Med school can wait while new CB Ahkello Witherspoon pursues PhD in learning Steelers defense
New Pittsburgh Steelers cornerback Ahkello Witherspoon recently earned his undergraduate degree in ecological and evolutionary biology from Colorado, and he wants to become a doctor.
Those plans, however, are on the back burner. He has more immediate matters at hand as a football player.
“I’m putting my degree on hold until it’s time to pursue medical school,” the 26-year-old Witherspoon said Monday, “which will be when my time here or other business ventures are done, and I’ll take a shot at that.”
Witherspoon’s current goal is taking a shot at contributing to the Steelers defense. At 6-foot-2, 195 pounds, he is lean, long outside corner who could compete for a starting role if the Steelers believe Cam Sutton is better suited at slot corner.
On Monday, Witherspoon practiced for the first time with his new team, completing a holiday weekend in which he learned of his trade from Seattle on Friday, took a cross-country flight Saturday and underwent his physical Sunday.
Witherspoon has six more days to get a better understanding of the Steelers defense before they play the Buffalo Bills in the season opener.
“The way we are talking about it is simple stuff to keep my brain free because a busy brain is going to slow you down on the field,” Witherspoon said. “I’m just taking it day by day. I’m very good at retaining information. Once I get more comfortable, we’ll add more to it.”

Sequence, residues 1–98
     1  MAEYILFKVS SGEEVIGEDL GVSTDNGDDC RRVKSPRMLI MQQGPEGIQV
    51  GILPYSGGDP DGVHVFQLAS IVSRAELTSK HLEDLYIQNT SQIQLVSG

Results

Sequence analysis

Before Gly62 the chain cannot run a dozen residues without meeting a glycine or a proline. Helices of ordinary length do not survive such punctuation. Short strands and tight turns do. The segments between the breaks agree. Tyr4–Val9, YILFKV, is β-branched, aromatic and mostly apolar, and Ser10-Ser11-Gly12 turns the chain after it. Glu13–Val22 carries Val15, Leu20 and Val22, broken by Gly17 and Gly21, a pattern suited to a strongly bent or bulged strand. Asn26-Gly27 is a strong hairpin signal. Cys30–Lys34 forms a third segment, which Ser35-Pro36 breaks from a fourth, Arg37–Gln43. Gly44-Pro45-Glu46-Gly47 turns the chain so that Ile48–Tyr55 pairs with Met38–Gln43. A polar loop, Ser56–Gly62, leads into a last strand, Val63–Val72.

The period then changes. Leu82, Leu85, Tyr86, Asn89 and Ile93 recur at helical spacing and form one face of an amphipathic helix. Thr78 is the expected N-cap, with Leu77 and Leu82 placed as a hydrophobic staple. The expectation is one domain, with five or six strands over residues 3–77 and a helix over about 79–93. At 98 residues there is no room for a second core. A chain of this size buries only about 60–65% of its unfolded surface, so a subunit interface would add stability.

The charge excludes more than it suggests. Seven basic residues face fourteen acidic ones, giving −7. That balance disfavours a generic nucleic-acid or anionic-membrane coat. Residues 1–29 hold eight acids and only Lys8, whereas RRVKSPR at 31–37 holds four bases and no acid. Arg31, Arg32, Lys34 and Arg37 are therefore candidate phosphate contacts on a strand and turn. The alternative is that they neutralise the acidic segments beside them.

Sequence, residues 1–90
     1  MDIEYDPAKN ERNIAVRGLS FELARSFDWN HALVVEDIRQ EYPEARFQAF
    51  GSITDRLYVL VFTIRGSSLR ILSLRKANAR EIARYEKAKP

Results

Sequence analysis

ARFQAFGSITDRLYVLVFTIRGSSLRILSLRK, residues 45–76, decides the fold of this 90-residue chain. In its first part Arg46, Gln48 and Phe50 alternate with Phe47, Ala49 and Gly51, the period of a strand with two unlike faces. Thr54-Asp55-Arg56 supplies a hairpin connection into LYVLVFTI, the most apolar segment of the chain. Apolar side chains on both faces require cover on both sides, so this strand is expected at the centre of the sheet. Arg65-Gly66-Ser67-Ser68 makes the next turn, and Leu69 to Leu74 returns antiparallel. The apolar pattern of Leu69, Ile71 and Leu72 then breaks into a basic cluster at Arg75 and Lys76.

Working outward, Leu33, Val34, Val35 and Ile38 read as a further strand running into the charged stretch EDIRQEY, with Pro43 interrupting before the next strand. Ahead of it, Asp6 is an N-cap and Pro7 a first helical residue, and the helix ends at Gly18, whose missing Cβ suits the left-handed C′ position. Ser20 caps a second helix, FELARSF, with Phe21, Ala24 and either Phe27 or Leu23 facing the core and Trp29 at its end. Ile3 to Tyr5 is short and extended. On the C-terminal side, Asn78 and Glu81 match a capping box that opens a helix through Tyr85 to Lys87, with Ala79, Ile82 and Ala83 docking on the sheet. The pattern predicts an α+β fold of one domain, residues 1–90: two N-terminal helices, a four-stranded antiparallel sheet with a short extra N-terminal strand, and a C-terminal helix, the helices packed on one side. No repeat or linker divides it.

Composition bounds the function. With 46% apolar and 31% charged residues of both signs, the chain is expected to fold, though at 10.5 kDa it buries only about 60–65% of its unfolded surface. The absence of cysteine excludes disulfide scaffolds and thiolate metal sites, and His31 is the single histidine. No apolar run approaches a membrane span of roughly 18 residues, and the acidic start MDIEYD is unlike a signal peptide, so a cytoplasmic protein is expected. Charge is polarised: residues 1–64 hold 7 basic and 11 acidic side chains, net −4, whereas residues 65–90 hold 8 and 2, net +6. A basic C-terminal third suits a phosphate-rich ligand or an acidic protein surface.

Witherspoon said he’s a good fit for the Steelers defense because of his ability to play man coverage.
“It’s important for my game,” he said. “Switching it up and giving quarterbacks different looks so we’re not as predictable.”
Second-year wide receiver Chase Claypool got a chance to test the new cornerback in practice Monday.
“It was only a couple reps,” said Claypool, who also provided tips on apartment hunting, “but he did a good job. Having size and speed, he’s really good.”
The Steelers gave up a fifth-round draft in 2023 to acquire Witherspoon, who had signed a one-year, $4 million contract with the Seahawks in March after spending four seasons with the San Francisco 49ers. A former third-round draft pick, Witherspoon made 33 starts with San Francisco. He had four interceptions among 24 passes defensed.
Witherspoon was signed by the Seattle with the expectation he would start at cornerback. When he failed to sew up a job in the preseason, he was shipped to the Steelers, who were looking to upgrade their secondary.
Witherspoon resisted calling his brief tenure in Seattle and his hastened departure as a whirlwind.
“It’s the illusion of a whirlwind,” he said. “The job I do and the type of grace and gratitude I have for life and this game, that type of narrative doesn’t really fit my truest story, so I go with the flow. I’m here now where somebody wants me to compete and help them win a championship, and that’s what I plan to do.”
Witherspoon said he always has maintained that philosophy.
“You go through so much, it gets easier,” he said. “I’m on like rep 1,000 of getting pushed down to the ground and, ‘OK, I’ve got to get back up.’ It’s getting easier. The first one was the toughest. I’m deep into this process of overcoming obstacles, so it’s like, ‘C’mon, let’s get it.’ ”
Only when the obstacle is too large to overcome in the NFL will Witherspoon turn his attention toward a career in medicine. He doesn’t know which school he wants to attend or what he wants to study, although sports medicine is a possibility.
“I’ve always been fascinated with education and the challenge of anything in life,” he said. “Cornerback is my favorite one now. When I’m done with that, I’ll go on to another one.”